Manasseh KEMPTON

Manasseh KEMPTON

Male 1590 - 1663  (~ 72 years)

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  • Name Manasseh KEMPTON 
    Christened 26 Feb 1589/90  Berwick-upon-Tweed, Northumberland, England Find all individuals with events at this location  [1
    Gender Male 
    Emigration 1623  London, Kent, England Find all individuals with events at this location 
    Aboard the Anne. 
    Immigration 1623  Plymouth, Plymouth County, Massachusetts Find all individuals with events at this location 
    Died 14 Jan 1662/3  Plymouth, Plymouth County, Massachusetts Find all individuals with events at this location  [1
    Person ID I28600  FamilyWorld
    Last Modified 25 Nov 2011 

    Father George KEMPTON 
    Family ID F11782  Group Sheet

    Family Juliana CARPENTER,   d. 19 Feb 1664, Plymouth, Plymouth County, Massachusetts Find all individuals with events at this location 
    Married Abt 1627  [2
    Last Modified 23 Jul 2011 
    Family ID F9475  Group Sheet

  • Event Map
    Link to Google MapsChristened - 26 Feb 1589/90 - Berwick-upon-Tweed, Northumberland, England Link to Google Earth
    Link to Google MapsEmigration - Aboard the Anne. - 1623 - London, Kent, England Link to Google Earth
    Link to Google MapsImmigration - 1623 - Plymouth, Plymouth County, Massachusetts Link to Google Earth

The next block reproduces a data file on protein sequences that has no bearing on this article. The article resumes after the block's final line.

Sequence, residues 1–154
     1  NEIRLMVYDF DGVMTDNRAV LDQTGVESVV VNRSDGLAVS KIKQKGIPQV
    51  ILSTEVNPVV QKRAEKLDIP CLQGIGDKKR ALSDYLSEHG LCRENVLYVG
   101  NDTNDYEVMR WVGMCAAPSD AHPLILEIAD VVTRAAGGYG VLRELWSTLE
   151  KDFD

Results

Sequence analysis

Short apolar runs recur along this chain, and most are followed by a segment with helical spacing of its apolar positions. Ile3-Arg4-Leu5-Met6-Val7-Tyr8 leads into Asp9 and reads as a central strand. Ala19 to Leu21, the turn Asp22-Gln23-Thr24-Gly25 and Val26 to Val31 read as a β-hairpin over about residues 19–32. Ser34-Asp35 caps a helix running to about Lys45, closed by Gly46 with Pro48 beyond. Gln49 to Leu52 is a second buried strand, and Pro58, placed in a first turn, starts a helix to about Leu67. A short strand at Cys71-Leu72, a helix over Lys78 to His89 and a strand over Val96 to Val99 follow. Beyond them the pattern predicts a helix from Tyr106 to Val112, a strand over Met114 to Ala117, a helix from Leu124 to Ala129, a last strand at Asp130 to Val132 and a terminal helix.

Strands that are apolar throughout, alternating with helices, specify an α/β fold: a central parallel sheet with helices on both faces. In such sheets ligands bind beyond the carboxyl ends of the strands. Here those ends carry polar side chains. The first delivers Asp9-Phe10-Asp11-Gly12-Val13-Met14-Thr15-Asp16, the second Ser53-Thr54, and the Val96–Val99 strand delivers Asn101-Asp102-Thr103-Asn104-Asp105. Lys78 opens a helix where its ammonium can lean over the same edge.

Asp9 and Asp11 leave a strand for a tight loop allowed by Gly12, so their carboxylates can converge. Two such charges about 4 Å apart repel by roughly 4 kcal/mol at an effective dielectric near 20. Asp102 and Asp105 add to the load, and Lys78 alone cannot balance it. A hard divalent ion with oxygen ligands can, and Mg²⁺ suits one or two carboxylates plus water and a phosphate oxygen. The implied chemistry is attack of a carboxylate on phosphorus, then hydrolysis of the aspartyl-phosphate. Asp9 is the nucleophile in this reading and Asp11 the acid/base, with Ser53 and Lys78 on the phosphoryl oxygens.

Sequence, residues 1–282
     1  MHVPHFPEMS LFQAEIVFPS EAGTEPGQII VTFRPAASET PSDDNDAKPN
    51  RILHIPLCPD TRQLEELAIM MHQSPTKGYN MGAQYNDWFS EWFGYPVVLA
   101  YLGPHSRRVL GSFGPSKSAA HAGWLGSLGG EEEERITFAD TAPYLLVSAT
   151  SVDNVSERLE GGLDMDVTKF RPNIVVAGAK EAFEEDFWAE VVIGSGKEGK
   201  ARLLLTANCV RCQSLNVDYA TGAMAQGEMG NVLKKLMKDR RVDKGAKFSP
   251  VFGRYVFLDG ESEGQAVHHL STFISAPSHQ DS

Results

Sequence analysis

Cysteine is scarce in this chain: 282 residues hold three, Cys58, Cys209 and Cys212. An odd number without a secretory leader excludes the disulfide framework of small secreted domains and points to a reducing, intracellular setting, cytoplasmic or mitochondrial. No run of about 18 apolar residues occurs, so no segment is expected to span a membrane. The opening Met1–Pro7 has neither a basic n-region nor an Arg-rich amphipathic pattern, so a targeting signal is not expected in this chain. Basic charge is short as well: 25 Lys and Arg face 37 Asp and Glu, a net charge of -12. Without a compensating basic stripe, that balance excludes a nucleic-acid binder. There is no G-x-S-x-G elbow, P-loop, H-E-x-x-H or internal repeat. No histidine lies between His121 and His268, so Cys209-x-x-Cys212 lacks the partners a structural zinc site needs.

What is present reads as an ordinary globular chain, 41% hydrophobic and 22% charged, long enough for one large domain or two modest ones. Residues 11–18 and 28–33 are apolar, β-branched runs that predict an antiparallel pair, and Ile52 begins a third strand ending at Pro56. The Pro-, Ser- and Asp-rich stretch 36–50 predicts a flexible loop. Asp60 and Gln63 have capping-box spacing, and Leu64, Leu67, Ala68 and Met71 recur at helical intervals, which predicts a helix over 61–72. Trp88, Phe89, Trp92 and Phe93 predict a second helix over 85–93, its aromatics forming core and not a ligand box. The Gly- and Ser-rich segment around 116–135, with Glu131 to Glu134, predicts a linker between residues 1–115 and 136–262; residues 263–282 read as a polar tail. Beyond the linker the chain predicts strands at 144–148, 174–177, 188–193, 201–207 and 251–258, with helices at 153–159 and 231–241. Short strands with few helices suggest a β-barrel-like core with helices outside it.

Link to Google MapsDied - 14 Jan 1662/3 - Plymouth, Plymouth County, Massachusetts Link to Google Earth
     = Link to Google Maps 
     = Link to Google Earth 

  • Photos
    'The Puritan' 1899 Augustus Saint-Gaudens
    "The Puritan" 1899 Augustus Saint-Gaudens

  • Notes 
    • Great Migrations Begin, pgs. 1119-1123: Manasseh Kempton came from London, and migrated to Plymouth, Massachusetts aboard the Anne in 1623. His occupation was Planter. He is listed as a freeman in Plymouth in 1633, and was a Deputy for Plymouth to Plymouth General Court, and on several juries. He was the Plymouth Assessor for several years, and in 1643 among the list of men able to bear arms. There were no recorded children from his marriage to the widow Juliana (Carpenter) Morton.

      "The English origin of the Kempton brothers was published in 1992 by Dean C. Smith, includinbg biographical details on both brothers before migration [TAG 67:132-35]. In particular, Manasseh Kempton had belonged to Separatist congregations in Colchester and in London and was closely affiliated with Henry Jacob [Burrage 1:319, 2:299].

      "On 13 February 1639/40 Henry Coggan of Barnstable sold to Manasseh Kempton the remaining years of service of James Glass, servant to the said Henry [PCR 1:139].

      "'Manasseh Kempton' contributed 6d. to purchase drumheads at Plymouth 29 May 1643 [PTR 1:14]. He was on the committee to build a wolftrap at Broken Wharf 10 February 1643/4 [PTR 1:16]. In 1644 he was one of those in the 'Ele' River company who were to gather in case of war [PTR 1:17].

      "Sometime in 1646 the Plymouth inhabitants were divided up into 'teams.' The portion of the list that explains the significance of the teams is torn and destroyed. 'Mannasses Kemton' headed a team consisting of Samuel Dunham, Ephraim Morton and Thomas Morton [PTR 1:33]."

  • Sources 
    1. [S30] Great Migration Begins, The , Robert Charles Anderson, (New England Historic Genealogical Society, 101 Newbury St., Boston, MA 02116, 1995), ISBN 0-88082-044-6., 1123.

    2. [S30] Great Migration Begins, The , Robert Charles Anderson, (New England Historic Genealogical Society, 101 Newbury St., Boston, MA 02116, 1995), ISBN 0-88082-044-6., 1297.